Thursday, 26 August 2010

Jam making

You can buy jam for next to nothing, so why make it? Well, to use up a glut of fruit. To make jams that you can’t buy. For fun. And, well, some kinds aren’t as cheap as others. Some things like chilli jelly go for ££££ in posh delicatessens. I’m forever picking jars up, thinking “I could make this for about 15p in ingredients,” and putting them down again. Learning to make jam has thus been on my list of things to do for quite a while. Jam goes with bread, so it’s a good fit for the blog. And at the weekend I got my chance.

I wrote about Cookie on my beer blog some months ago. They do lots of cool stuff. Such as playing host to a jam making workshop last weekend. “Bring yourself and some fruit,” it said on the blog. So I did.

Pollokshields, near Cookie, is full of amazing greengrocers. I dropped past one and was looking for some reduced fruit. I struck lucky and found reduced strawberries — some punnets were already mouldy, but I got four big punnets that didn’t look too damaged. The total cost was £2. For 1.6kg. When we started cleaning and stoning the fruit I was amazed how good they mostly were. You’d be extremely lucky to get strawberries this good in a supermarket at full price.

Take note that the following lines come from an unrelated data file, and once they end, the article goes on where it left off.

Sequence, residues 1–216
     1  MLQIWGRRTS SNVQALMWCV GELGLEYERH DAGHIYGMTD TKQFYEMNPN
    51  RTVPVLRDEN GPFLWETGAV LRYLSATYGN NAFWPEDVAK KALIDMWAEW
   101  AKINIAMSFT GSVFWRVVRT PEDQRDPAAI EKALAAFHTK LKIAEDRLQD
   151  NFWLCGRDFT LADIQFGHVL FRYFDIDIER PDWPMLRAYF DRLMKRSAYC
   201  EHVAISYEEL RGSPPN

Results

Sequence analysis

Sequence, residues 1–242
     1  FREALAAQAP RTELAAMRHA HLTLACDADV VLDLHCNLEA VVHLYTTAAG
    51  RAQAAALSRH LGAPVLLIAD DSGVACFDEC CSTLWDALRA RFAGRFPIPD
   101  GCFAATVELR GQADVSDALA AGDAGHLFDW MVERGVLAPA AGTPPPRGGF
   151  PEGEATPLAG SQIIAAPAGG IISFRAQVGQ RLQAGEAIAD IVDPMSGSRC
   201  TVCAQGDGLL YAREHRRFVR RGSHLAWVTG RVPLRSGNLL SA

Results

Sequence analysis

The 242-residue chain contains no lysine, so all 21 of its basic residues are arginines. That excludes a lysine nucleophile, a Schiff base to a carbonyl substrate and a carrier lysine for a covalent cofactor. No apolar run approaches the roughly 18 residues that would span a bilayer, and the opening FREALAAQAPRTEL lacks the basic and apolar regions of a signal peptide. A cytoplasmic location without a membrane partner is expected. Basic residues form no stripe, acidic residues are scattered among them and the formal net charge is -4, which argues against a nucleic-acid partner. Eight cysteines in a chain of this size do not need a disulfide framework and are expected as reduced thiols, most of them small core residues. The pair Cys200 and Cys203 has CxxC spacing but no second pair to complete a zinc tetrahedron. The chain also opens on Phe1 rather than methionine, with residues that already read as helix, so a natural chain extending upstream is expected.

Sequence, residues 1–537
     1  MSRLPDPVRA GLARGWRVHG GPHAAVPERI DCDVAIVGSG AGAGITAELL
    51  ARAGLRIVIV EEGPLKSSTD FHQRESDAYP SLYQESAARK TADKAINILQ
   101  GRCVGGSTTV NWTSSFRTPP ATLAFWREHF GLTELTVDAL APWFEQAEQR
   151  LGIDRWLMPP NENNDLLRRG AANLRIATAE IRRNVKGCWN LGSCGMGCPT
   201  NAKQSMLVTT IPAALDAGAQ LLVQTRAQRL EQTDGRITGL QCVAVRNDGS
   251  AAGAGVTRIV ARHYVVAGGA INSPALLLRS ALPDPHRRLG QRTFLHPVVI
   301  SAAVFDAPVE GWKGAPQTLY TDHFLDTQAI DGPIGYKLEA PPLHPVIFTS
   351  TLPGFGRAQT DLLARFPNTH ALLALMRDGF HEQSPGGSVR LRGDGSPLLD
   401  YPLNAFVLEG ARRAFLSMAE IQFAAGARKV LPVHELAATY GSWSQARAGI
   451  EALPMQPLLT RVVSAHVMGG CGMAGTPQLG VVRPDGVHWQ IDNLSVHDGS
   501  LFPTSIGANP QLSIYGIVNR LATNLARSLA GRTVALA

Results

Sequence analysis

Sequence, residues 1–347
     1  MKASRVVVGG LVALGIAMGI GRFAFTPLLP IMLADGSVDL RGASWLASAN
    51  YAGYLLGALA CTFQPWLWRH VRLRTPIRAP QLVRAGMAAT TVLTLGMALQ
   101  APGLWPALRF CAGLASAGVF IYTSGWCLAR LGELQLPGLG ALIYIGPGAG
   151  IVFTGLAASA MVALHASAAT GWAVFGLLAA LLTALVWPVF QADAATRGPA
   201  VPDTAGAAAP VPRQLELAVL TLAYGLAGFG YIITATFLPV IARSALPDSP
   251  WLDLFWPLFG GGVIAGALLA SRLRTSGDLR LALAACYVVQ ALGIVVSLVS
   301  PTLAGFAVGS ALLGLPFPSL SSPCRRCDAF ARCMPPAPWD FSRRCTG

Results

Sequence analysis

When I arrived at Cookie people were already in the prep room busily washing and stoning a mountain of plums. Hrr hrr, juicy plums, fnarr. With about eight of us around the table, all the fruit was soon ready and we carried it upstairs to the kitchen. It looked far too nice to be made into jam, really. As well as plums and strawberries we had greengages and some raspberries and brambles.

Without much of a clue of what I was doing I was shown to the stove and instructed to stir some sugar until it melted. Typically, it stuck to the bottom of the pot and I had to start again. Slowly the sugar-covered fruit became a fruit-filled syrup, then a sugary, vibrantly coloured boiling mess as the fruit broke down.

What did people do with spare fruit before sugar became so cheap? In the fruit-growing regions of Germany, they ferment and distill it to make Schnaps (proper 40% Schnaps, not the sugary peach liqueur that goes under that name here). Lovely stuff it is too. That is illegal here unfortunately.

Some of the jam will be part of the jam wall at Glasgow Harvest on Saturday. To think a year ago I was looking around for Glasgow food bloggers to add to my blogroll, and could hardly find any. Now it seems everywhere you turn there’s some sort of social food project springing up. Hurrah for that.

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